Wayne Rooney has revealed that he “quickly” realised that a number of his Everton idols were “crap” once he started training with them every day.
The Manchester United legend famously burst onto the scene against Arsenal in October 2002 with a stunning last-minute winner to end the Gunners 30-match unbeaten run.
He scored the goal five days before his 17th birthday to become the youngest goalscorer in Premier League history, which has since been broken.
Rooney played alongside some of the best players in Everton’s modern history but the former England international says he was shocked at how “crap” the Toffees squad was.
When asked what it was like to idolise some Everton players and the next minute be the best in the squad, Rooney replied on Toffee TV: “It’s mad how quick it changed.
“For me to go in with Duncan (Ferguson), Stubbsy (Alan Stubbs), all of them who have I grew up watching, to then go and play with them, train with them every day and play with them, and then so quickly, I remember thinking: ‘These are crap!’
“Obviously not all of them, but some of the players I was thinking, ‘what’s going on here?’
“I couldn’t believe how bad some of them were. I remember thinking ‘I’m better than all these players’.
“That’s not disrespecting to them players but some of them just weren’t good enough and should never have played for Everton.”
Marcus Rashford, one of Rooney’s former team-mates at Manchester United, has been in great form for the Red Devils and England recently after struggling last season.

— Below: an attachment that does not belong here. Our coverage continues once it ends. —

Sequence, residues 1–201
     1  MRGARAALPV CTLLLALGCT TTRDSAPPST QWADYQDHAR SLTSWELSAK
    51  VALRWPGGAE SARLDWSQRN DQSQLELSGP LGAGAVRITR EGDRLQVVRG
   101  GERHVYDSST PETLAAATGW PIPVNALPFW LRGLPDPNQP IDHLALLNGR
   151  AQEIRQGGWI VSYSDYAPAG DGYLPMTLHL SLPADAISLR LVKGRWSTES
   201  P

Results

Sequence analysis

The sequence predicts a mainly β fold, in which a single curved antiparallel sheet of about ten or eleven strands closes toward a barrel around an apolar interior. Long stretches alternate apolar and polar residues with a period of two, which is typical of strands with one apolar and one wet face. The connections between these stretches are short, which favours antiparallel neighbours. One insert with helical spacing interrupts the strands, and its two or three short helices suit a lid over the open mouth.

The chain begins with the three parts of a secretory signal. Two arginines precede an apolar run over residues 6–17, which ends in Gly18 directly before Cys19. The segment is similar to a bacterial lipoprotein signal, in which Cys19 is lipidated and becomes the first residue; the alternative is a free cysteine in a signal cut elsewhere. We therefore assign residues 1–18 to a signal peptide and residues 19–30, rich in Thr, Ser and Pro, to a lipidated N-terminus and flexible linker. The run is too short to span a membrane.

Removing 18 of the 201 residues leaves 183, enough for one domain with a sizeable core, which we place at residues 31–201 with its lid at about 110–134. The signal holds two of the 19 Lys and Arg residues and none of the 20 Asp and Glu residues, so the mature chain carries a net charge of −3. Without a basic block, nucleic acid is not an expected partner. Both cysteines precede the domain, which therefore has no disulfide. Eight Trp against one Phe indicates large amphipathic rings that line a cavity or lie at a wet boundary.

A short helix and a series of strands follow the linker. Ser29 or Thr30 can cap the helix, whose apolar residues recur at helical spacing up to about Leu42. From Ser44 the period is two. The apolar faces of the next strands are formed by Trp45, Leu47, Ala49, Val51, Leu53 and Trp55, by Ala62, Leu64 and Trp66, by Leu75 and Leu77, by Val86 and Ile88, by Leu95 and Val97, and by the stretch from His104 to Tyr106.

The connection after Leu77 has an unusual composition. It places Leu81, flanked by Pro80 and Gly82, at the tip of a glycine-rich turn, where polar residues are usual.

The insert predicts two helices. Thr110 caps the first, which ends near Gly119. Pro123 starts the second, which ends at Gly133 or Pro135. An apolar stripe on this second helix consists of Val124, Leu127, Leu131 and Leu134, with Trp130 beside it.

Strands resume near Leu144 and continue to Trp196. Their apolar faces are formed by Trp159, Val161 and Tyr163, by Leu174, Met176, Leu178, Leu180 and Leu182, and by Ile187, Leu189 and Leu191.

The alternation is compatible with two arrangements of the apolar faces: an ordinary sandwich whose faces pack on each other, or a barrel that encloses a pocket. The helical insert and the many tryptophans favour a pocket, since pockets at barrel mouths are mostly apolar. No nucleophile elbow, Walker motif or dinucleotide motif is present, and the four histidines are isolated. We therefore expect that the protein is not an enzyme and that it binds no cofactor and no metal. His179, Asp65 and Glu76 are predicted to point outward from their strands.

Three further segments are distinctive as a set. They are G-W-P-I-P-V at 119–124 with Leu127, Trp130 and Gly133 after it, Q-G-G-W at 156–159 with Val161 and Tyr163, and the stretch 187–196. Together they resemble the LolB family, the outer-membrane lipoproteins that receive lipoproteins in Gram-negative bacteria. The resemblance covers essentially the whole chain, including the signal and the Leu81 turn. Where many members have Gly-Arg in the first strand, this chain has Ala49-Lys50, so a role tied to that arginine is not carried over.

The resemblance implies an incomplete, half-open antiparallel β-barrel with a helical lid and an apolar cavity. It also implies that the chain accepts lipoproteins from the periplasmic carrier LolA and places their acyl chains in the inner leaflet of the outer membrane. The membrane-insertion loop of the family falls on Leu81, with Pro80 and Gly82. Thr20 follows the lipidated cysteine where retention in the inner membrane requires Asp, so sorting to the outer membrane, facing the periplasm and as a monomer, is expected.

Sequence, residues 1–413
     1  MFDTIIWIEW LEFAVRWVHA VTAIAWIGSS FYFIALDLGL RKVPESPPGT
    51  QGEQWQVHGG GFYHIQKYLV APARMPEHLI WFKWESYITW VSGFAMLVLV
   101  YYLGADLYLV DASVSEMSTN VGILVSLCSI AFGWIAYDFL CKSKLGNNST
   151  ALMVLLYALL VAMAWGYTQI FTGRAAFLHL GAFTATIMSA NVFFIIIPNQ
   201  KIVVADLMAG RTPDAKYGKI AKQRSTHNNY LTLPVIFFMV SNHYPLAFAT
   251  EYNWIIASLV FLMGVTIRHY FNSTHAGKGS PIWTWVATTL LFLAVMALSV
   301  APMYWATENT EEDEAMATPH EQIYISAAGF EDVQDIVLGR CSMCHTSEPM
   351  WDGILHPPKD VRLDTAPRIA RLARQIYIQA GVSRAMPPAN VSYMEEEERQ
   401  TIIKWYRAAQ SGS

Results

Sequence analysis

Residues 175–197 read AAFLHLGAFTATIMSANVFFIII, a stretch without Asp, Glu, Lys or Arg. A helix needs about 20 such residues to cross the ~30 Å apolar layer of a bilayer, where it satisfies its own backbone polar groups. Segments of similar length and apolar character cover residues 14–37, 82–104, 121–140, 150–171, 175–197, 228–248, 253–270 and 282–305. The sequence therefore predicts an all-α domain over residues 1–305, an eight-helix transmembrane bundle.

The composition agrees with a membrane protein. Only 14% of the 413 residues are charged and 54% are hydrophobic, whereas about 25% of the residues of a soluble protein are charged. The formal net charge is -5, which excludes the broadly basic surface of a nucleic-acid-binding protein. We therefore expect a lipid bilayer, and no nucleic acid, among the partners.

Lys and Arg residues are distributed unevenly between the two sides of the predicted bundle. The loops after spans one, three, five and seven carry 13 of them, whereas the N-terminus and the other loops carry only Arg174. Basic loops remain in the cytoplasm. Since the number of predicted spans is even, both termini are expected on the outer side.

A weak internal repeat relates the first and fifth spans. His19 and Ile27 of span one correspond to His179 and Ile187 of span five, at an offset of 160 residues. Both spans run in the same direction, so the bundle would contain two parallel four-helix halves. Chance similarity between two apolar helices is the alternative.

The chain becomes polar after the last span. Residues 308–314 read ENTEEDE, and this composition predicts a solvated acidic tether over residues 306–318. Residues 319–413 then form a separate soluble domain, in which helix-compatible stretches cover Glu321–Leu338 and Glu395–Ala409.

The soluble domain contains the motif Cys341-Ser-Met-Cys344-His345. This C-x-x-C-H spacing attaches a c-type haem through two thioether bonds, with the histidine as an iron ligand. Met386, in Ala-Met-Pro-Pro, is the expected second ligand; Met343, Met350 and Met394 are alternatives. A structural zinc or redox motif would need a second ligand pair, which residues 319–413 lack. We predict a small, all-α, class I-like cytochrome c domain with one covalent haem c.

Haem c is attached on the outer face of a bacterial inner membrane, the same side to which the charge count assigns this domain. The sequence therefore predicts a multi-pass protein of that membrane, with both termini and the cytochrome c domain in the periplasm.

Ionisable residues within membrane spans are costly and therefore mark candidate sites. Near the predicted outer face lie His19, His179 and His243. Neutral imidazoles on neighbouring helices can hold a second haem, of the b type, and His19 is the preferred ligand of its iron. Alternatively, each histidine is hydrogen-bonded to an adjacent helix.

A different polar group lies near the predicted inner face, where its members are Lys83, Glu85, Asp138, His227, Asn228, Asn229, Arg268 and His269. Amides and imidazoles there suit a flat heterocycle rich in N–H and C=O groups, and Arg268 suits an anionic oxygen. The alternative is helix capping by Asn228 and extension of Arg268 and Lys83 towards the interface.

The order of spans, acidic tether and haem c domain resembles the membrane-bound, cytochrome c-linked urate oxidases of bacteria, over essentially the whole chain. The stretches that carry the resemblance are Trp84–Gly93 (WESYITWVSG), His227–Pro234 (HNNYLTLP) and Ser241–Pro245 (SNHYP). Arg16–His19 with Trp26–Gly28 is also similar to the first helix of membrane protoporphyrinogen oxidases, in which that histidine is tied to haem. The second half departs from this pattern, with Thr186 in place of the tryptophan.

He was criticised by some fans and pundits for not concentrating on football with the Man Utd forward campaigning to end child food poverty in England.
And Rooney thinks Rashford now has the balance right and hopes he can keep up his current form.
“It looks like Marcus is in a much better place in his head and the big thing, for me, is that during Covid he did so much campaigning work and got involved with a lot of stuff off the pitch,” Rooney said.
“His achievements were incredible, but I think it might have been a bit too much for him.
“Rather than being able to just focus on his football, there was a lot on his plate, whereas what we’ve seen this season is very much a focus on football first rather than anything else. From some of the goals he has scored, you can see he is in a different headspace.
“I watched Marcus develop at Manchester United and there are not many players with his speed and direct running at goal. You never know how much football players these days actually watch but I know from being in camps that at tournaments you sit around together watching a lot of games as a group.”
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